A unique event took place on 22nd October 2018, as the Provinces of East and West Lancashire joined forces to create the fourth Chapter of the United Grand Lodge of England’s Universities Scheme
Palatine Chapter No. 2447, which is proud to have as honorary members the Grand Superintendents of both Provinces, Sir David Trippier and Tony Harrison, meets twice a year – once in East Lancashire and once in West Lancashire – and now has over 40 members from both Provinces.
This inaugural meeting of the Chapter worked an Installation Ceremony and then exalted into the Order three members from the Universities Scheme’s Craft lodge Old Mancunians’ with Mount Sinai No. 3140.
Over the past year, Manchester Freemasons have given £55,000 in donations to non-Masonic charitable organisations and on 3 May 2018 hosted a Giving Evening at Manchester Hall where cheques were presented to a number of exceptional organisations from Greater Manchester
The 109 attendees included Brethren, their guests and representatives from the good causes they have supported. The Provincial Grand Master of East Lancashire, Sir David Trippier, and The Lord Lieutenant for Greater Manchester, Warren Smith, were both in attendance.
Each of the organisations receiving donations had laid out a stand in the Goulburn Lodge Room and the evening began with the guests navigating their way around the room, learning about the amazing services they provide to the larger community, whilst enjoying the drinks reception and canapés.
The focus of the evening then turned to the Goulburn Dining Room, where the donations would be presented. As everyone made their way into the room, the Drum Corps of the Manchester Army Cadets demonstrated their new instruments that were bought for them earlier this year, with help from a grant from the East Lancashire Masonic Charity. This part of the evening was hosted by Stephen Thomson and Tony Stephenson, District Charity Stewards for the Manchester Districts.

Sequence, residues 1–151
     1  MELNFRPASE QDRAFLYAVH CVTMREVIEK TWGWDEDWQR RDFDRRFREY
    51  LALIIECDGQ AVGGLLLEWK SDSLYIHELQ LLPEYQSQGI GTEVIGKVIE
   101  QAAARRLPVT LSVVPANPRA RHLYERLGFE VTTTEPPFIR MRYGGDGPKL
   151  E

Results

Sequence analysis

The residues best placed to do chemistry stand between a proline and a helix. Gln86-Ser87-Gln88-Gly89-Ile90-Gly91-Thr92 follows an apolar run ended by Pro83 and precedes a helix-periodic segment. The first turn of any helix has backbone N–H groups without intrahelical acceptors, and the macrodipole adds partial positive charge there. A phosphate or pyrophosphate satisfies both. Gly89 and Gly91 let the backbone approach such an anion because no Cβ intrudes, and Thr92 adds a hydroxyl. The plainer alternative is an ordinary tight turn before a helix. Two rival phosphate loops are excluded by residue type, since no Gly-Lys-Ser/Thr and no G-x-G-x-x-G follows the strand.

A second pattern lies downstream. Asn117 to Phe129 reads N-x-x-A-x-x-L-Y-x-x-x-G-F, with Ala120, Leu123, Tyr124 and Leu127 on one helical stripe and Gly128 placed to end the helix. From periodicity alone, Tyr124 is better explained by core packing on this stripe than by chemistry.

The guests were formally welcomed by Chris Welton, Assistant Provincial Grand Master for Manchester Districts, and then Sir David Trippier spoke about the commitment Manchester masons have to supporting their local community and commended the achievements attained, often voluntarily, by the organisations they aim to help as Freemasons.
Warren Smith was then introduced to the podium and, describing Manchester masons as philanthropists, praised the valuable contribution they make to the community. A number of representatives from the organisations that received donations gave short talks on the difference the money they have received has made on the lives of people in their area.
The lodges and chapters were then invited to present their cheques to their beneficiaries and the following donations were made to:
- Friendship Lodge No. 44 presented to Blythe House Hospice
- Arkscroll Lodge No. 6594 and Ark Menorah Chapter No. 6594 presented to Bury Hospice
- Ashbury Lodge No. 1459 presented to Centrepoint
- Arkscroll Lodge No. 6594 and Ark Menorah Chapter No. 6594 presented to The Christie
- Felicity Lodge No. 4365 presented to Day Trippers
- Arkscroll Lodge No. 6594, Ark Menorah Chapter No. 6594 and Zion Menorah Lodge No. 1798 presented to The Federation of Jewish Services
- Ashbury Lodge No. 1459 presented to Mustard Tree
- Felicity Lodge No. 4365 presented to Royal Manchester Children’s Hospital
- Friendship Lodge No. 44 presented to St Anne’s Hospice
- Zion Menorah Lodge No. 1798 and Ark Menorah Chapter No. 6594 presented to The Nicky Alliance Centre
- Ark Menorah Chapter No. 6594 presented to Wood Street Mission
The evening was closed by Chris Welton, who declared it to have been a great success and commended the hard work and dedication displayed by Stephen Thomson and Tony Stephenson in delivering this momentous event.
The East Lancashire Masonic Charity has donated £50,000 to fund the Patient Information Zone in the new Diabetes Centre at the Manchester Hospitals Complex